For we each of us deserve everything, every luxury that was ever piled in the tombs of the dead kings, and we each of us deserve nothing, not a mouthful of bread in hunger. Have we not eaten while another starved? Will you punish us for that? Will you reward us for the virtue of starving while others ate? No man earns punishment, no man earns reward. Free your mind of the idea of deserving, the idea of earning, and you will begin to be able to think.The Dispossessed by Ursula K. Le Guin
I find myself very often obsessing over the idea of deserving. Everything needs to be earned or owed, and I feel guilty or jealous when the balance doesn’t match my estimations. As a society, we fixate on who deserves what. Do poor people deserve food or luxuries? Do investors deserve returns on their investments? We allow ourselves to be consumed with this, in spite of knowing (whether we admit it or not) that almost none of what we receive or what is done to us has anything to do with what we deserve. I feel I deserve what I have because I worked for it. But does the person who worked twice as hard and got nothing deserve what I have, instead? We get anxious when these ideas of deserving what we have are challenged, as well. Much of what I have in life has more to do with whiteness and other forms of systemic privilege than my own efforts, and it’s been a painful process to recognize that. Whether at a personal or systemic level, even a very simple examination shows us that factors well outside our control determine much of what’s granted to people in the world, and yet we hang on to this metric that continues to fail us. But there is another way.
The beauty of divine love is that it is unconditional and unchanging, and has absolutely nothing at all to do with what we deserve. Nothing we do can reduce it or cancel it out. You can no more affect the amount of God’s love available to you than you can change the temperature outside your house on any given day. You can close all the windows and doors and blow hot or cold air through the house, or do any number of other things to hide from it, but the weather will still be out there the next time you open the door. Even in spite of all these efforts, that weather still has an impact on the indoor temperature. In the same way, we can shut ourselves off from that unconditional divine love and support. We practice ignoring it. We build up systems completely contrary to it in which we can find a measure of our worth over and against others. And we get very good at these things over time. But the doors are still there, even if it takes some struggle and handiwork to get them open again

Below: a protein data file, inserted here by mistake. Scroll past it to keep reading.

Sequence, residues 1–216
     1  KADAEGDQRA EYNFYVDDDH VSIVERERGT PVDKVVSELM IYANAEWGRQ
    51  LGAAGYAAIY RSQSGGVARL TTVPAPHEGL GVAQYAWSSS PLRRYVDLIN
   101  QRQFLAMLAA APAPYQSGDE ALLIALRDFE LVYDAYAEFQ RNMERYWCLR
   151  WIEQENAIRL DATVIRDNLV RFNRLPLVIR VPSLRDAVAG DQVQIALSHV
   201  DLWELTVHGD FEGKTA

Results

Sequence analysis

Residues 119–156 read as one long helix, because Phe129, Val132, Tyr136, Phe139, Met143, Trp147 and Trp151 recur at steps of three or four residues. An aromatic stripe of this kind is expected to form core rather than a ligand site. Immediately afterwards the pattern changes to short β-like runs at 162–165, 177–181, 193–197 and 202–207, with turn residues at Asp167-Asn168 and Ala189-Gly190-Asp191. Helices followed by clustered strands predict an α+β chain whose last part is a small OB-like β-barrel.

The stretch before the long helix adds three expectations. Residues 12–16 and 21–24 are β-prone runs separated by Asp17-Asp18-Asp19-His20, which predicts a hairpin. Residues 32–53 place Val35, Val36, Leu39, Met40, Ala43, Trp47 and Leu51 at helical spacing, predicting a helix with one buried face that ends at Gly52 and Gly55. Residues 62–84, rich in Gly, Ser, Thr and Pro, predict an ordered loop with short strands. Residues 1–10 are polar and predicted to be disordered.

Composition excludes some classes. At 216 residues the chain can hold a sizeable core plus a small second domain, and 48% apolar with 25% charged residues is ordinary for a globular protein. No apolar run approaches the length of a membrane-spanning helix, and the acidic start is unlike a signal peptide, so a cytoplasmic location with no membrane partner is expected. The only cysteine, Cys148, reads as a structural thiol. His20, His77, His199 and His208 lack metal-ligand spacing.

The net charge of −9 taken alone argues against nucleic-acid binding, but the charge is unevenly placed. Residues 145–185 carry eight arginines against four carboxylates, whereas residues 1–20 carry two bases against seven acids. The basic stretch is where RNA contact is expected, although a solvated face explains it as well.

This source of love is unmarred by any action we can take, and we can return to it no matter how many times we’ve turned away. Denying or hiding from divine love won’t put us forever outside of it or cause some wrathful storm of vengeance. It’s not about coercion or threats. So why should we seek it out? Why dwell in it if we can walk away and still come back?
God’s grace is not to relieve us from some threat if we don’t comply. It is victory over death of our own individual and collective making. It brings us freedom from the harmful habits, anxieties, and various deaths both big and small we fall prey to when we live outside that love. It tells us we are loved and will be cared for, no matter what we have done. Christ gained victory over death, and cleared the path for us to do the same. It’s not only for those who deserve freedom from death. We don’t earn grace like a wage or salary. By accepting the unlimited and unconditional love of God, we move away from the system which only grants us what we deserve, and teaches (and requires) us to afford that same grace to others.
Dwelling in God’s love provides us with a blueprint for a better world. Not only do we find individual freedom, but we can build a new world centered on grace, as well. When we know we all carry that love inside us and live out our lives from that place of love, we help to build the Kingdom of God. We built it here in this world, but not based on the rules of this world. All the blessings of that Kingdom are available to all of us, like God’s love. It doesn’t require us checking others’ time cards to see if they’ve met a quota. It doesn’t require us to determine if someone has the potential to pay back what has been given to them. No person needs to prove their worth, productivity, or ability to be a member of that Kingdom. We can each rest in the knowledge that the fruits of the Kingdom do not belong to us, nor to anyone but God. And that God, working through us, will provide them to all.
There’s a new creation being made, and nothing we can do will change that. The only question is whether we will take part in its work and open ourselves to its rewards, or spend our time arguing and fighting over what we deserve.